Everyone looks awful on video conference calls. Can that change?
I’ve just clicked on the link for Zoom, the video conferencing service, for Slate’s weekly editorial meeting, and now a gargoyle is staring back at me from my laptop screen. But I can’t look away from the gargoyle because she is me, only my skin is a dull shade of greige (you know, gray-beige), there’s an inexplicable spotlight on my nose, my head is casting a weird shadow onto my neck, and I swear one of my eyes is wonky. Is that what I look like?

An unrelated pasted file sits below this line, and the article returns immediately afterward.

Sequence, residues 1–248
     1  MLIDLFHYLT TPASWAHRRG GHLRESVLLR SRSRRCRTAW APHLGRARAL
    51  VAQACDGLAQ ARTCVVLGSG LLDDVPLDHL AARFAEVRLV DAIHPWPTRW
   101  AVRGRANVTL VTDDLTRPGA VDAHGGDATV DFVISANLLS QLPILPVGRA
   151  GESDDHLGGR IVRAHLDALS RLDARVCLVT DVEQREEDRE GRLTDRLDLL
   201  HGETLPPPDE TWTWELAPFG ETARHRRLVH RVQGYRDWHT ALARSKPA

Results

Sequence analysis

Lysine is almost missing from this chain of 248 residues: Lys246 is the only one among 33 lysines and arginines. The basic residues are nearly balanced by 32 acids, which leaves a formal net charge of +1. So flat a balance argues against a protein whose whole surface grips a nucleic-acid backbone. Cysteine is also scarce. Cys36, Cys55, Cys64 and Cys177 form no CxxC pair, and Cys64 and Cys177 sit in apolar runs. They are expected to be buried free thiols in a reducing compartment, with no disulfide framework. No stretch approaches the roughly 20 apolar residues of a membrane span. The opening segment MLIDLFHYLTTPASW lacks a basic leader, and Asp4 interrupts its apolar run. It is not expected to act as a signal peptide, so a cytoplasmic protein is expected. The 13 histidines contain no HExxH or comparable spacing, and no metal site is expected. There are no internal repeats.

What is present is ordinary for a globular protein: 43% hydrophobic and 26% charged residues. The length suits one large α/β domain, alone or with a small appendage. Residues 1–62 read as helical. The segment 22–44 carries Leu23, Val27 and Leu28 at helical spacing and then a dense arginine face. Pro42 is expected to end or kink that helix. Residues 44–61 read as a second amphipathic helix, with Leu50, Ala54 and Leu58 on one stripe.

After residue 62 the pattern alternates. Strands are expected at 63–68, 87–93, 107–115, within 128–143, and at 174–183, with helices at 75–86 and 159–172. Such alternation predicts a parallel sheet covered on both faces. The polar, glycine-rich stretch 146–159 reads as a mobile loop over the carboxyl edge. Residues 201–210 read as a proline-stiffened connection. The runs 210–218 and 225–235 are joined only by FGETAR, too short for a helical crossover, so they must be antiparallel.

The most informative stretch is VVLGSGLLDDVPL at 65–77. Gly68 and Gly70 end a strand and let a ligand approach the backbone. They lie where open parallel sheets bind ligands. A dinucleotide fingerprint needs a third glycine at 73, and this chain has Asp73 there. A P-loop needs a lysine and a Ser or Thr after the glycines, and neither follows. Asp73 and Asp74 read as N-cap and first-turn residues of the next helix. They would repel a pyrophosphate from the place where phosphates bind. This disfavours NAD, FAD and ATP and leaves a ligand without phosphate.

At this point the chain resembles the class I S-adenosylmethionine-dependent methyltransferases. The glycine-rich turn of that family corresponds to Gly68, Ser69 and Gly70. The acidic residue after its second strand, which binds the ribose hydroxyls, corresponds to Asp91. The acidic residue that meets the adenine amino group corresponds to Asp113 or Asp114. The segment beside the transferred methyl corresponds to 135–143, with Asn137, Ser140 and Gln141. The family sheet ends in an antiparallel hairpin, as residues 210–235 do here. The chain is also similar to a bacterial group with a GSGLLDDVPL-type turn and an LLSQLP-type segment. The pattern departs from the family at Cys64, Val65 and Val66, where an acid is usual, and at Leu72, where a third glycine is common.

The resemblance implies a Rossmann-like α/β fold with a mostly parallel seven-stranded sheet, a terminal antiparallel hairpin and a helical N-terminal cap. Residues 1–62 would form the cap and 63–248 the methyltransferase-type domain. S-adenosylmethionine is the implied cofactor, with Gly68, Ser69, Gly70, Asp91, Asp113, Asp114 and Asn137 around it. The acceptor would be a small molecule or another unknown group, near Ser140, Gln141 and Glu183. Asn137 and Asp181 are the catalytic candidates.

It’s like this every single time. I so hate video conferencing that in one of my weekly meetings, I’ve taken to sitting against the wall instead of at the central table, so that I’m just out of the range of the camera at the front of the room. But ignoring the problem isn’t going to make it go away. In fact, the very opposite is true: Video conferences and calls are only growing more prevalent. In a survey from Nexmo released earlier this year, millennials self-reported a 175 percent increase in their usage of live video over the past few years, and, according to a different survey, companies, too, are seeing their video call numbers steadily ticking up. It’s even started to infiltrate workplaces you wouldn’t expect to be able to make use of such software—the New York Times recently wrote about a choreographer who Skypes into dance rehearsals. But it’s also not just professional obligations that demand video calls: They’re also starting to be used in all sorts of extracurricular ways—you might attend an Astrology 101 livestream, or give dating via video call a whirl.